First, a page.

The levels of system’s users on Windows

There are three level of users you can have in a system in case you are working with Windows. This article will show you the differences between them and will teach you to make necessary configurations for your system.


As the name implies and speaks for itself, a Guest user is someone who just has a casual access to the system with a few limited capabilities. For instance, you have a party going on in the house and someone wanted to browse through your system. You can easily let them in with a guest account. To double check, you can always configure them to further customize the authorisation.


This is a Users’ group. The members of this Users’ group are also referred to as standard users. All of the groups that this group will create, will be able to manage only those groups but not any other groups that these fellas did not create. Members of this groups do not have access to critical places like Registry for instance.

Power users

These instances of people are the closest and next to the administrator. They have almost administrative powers over the system. Yet, of course with the exception of few things like they cannot access other users’ files and folders unless they authorize them to do so and also they cannot install any new devices on the system.

The most typical scenario a Windows OS will have is having one primary user account as a standard user and one local administrator account for doing administrative tasks like installing, uninstalling programs, editing documents etc.

One of the thing that will happen if something requires administrative task, generally a pop up will appear or you can right click on the program and select “Run as administrator” or you can log-in as administrator. This is also called utilising an elevated privilege.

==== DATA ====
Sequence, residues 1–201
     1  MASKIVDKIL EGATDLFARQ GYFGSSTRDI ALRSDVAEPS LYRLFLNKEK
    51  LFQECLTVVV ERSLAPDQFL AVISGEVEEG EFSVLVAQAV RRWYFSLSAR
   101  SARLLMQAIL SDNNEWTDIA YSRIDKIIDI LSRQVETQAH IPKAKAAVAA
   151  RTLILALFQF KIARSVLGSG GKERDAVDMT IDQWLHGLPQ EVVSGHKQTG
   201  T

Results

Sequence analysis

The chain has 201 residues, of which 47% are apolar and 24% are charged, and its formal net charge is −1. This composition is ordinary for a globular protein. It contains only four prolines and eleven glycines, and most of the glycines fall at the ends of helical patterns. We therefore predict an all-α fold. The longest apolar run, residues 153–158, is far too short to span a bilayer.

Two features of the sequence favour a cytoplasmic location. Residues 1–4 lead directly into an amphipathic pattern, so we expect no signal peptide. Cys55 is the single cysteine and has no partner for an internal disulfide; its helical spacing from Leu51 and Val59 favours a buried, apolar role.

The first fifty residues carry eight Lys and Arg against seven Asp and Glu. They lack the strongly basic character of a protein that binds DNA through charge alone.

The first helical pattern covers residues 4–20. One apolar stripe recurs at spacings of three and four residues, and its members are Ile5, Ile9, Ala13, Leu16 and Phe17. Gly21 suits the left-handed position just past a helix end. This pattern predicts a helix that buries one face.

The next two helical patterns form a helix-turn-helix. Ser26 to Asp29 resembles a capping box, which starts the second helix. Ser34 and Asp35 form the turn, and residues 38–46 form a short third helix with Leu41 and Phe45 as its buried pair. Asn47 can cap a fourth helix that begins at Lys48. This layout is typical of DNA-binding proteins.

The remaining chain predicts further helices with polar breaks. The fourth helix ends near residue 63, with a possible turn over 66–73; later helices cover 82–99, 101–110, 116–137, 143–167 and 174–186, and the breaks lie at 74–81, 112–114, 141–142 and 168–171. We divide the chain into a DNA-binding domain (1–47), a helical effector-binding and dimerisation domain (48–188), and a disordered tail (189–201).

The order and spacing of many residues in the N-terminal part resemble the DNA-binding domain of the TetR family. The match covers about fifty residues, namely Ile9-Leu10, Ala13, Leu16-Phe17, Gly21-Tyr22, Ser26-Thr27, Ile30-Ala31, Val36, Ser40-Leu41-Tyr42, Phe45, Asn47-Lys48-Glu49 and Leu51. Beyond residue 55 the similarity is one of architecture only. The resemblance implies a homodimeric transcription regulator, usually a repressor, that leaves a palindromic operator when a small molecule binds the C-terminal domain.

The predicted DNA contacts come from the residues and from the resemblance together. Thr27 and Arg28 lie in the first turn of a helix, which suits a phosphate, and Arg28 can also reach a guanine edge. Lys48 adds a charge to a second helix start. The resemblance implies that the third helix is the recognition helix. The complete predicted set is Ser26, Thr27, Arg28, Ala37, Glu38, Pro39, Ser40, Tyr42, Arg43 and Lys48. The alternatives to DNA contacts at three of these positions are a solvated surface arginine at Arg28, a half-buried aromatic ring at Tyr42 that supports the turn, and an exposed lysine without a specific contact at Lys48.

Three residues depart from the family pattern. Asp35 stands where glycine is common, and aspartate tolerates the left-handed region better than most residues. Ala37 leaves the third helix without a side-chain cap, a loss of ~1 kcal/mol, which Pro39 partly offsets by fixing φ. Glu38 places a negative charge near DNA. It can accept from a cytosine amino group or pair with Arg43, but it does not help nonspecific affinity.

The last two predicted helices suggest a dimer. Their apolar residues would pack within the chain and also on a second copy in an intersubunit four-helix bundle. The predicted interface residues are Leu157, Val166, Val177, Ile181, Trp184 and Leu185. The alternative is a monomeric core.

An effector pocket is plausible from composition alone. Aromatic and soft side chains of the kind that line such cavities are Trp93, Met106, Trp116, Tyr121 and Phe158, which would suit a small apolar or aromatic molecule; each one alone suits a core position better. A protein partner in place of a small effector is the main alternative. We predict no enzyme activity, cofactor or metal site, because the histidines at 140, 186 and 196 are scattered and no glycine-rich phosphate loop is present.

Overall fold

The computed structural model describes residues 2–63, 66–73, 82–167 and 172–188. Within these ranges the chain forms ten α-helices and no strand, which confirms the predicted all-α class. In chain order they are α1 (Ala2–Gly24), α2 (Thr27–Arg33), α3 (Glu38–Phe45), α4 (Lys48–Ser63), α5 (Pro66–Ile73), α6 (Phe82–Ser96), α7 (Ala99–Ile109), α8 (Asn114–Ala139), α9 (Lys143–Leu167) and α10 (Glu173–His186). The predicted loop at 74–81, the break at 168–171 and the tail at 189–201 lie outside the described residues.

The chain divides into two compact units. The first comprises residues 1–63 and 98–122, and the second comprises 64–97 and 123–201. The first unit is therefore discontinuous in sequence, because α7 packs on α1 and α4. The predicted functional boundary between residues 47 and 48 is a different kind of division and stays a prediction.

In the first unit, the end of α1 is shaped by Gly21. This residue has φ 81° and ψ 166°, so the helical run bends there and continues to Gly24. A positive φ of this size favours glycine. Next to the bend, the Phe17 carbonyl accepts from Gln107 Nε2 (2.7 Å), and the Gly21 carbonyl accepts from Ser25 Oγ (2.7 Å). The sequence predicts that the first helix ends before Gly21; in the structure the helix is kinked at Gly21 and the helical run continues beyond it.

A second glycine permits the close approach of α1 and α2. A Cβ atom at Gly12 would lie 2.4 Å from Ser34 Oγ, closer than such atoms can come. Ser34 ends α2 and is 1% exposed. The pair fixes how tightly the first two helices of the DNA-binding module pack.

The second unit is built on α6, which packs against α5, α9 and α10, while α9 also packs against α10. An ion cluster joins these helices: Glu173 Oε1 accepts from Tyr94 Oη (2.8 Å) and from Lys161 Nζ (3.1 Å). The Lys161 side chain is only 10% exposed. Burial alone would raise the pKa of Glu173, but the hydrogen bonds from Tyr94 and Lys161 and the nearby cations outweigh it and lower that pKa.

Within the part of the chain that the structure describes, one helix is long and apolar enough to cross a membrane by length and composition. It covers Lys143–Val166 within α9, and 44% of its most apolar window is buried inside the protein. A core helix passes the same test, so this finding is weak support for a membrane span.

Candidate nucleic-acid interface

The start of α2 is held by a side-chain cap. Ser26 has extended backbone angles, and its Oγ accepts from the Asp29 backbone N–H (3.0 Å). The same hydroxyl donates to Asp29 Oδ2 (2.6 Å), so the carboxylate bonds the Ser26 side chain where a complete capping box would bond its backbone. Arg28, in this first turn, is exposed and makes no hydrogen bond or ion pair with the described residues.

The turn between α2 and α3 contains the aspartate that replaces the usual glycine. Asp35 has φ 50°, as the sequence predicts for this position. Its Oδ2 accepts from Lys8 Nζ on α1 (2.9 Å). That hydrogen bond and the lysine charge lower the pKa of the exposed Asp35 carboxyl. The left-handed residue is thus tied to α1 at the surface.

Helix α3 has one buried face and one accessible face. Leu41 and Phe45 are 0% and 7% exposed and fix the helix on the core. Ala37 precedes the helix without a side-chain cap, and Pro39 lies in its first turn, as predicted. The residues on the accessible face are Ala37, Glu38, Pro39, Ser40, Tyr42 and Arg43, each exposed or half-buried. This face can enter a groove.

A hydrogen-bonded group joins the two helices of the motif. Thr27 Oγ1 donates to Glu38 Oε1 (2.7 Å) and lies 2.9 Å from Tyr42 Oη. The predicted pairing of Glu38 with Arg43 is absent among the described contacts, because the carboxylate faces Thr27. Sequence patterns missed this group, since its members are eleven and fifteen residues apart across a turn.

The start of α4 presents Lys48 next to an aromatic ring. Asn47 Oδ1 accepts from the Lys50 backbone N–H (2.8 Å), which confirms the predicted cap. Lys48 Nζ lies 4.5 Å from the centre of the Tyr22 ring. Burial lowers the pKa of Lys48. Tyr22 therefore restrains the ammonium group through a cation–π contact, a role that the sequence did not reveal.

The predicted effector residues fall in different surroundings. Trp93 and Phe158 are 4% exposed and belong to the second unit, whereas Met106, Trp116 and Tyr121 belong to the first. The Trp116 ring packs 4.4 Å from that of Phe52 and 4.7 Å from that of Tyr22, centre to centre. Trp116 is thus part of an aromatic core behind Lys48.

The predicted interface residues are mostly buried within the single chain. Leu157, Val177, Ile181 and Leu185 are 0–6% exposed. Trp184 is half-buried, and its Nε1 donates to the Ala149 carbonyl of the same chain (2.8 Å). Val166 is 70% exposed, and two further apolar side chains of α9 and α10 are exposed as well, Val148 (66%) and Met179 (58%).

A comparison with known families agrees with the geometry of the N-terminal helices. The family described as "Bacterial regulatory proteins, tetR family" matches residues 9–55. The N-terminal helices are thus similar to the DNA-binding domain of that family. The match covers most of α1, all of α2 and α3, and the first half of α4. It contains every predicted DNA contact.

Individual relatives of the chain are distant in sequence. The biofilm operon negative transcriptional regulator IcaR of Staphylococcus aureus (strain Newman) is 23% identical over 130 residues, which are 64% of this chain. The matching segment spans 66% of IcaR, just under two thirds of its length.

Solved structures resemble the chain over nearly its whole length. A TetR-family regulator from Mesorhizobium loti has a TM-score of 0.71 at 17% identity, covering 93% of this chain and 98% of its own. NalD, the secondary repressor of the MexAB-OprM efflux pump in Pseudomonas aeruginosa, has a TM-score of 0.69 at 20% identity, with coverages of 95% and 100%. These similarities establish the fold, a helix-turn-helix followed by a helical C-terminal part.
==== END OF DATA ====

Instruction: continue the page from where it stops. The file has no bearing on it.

Configuration of Users and Groups in Windows OS

There are multiple ways in which you can get access to the place where you can create, delete, modify users and groups. For the simplest level you can get access to local users and groups by going to control panel > Administrative tools> computer management> local users and groups.

Or, you can simply type in, lusrmgr.msc in the task bar and hit enter. The shortcut bring this taskbar is Windows + R.

In this window, you will see two folders. The first one is a users’ folder and another one is groups’ folder. You will see all the listed users in the account and most of them you will not recognise at first. Yet, as we have mentioned earlier the time you run a program you create a new user that requires the program to run and function properly. Do not worry about this too much and try to remove any users unless you are 100% sure of the user. We will get into much gory details later on.

On each of these accounts, you will see a down arrow icon. This indicates that those accounts are disabled. To add a new user to this group, simply right click anywhere in the white space and select new user. Here, you be prompted with a box where you need to put in the name, password, description and other checkbox which is self-explanatory. You can go ahead and create a new user like that. Now if you go ahead and select the groups’ folder on the left, you will see a bunch of users. You can now perform a serious administrative task of adding the person that you have just created right in this administrative group and simply hit OK.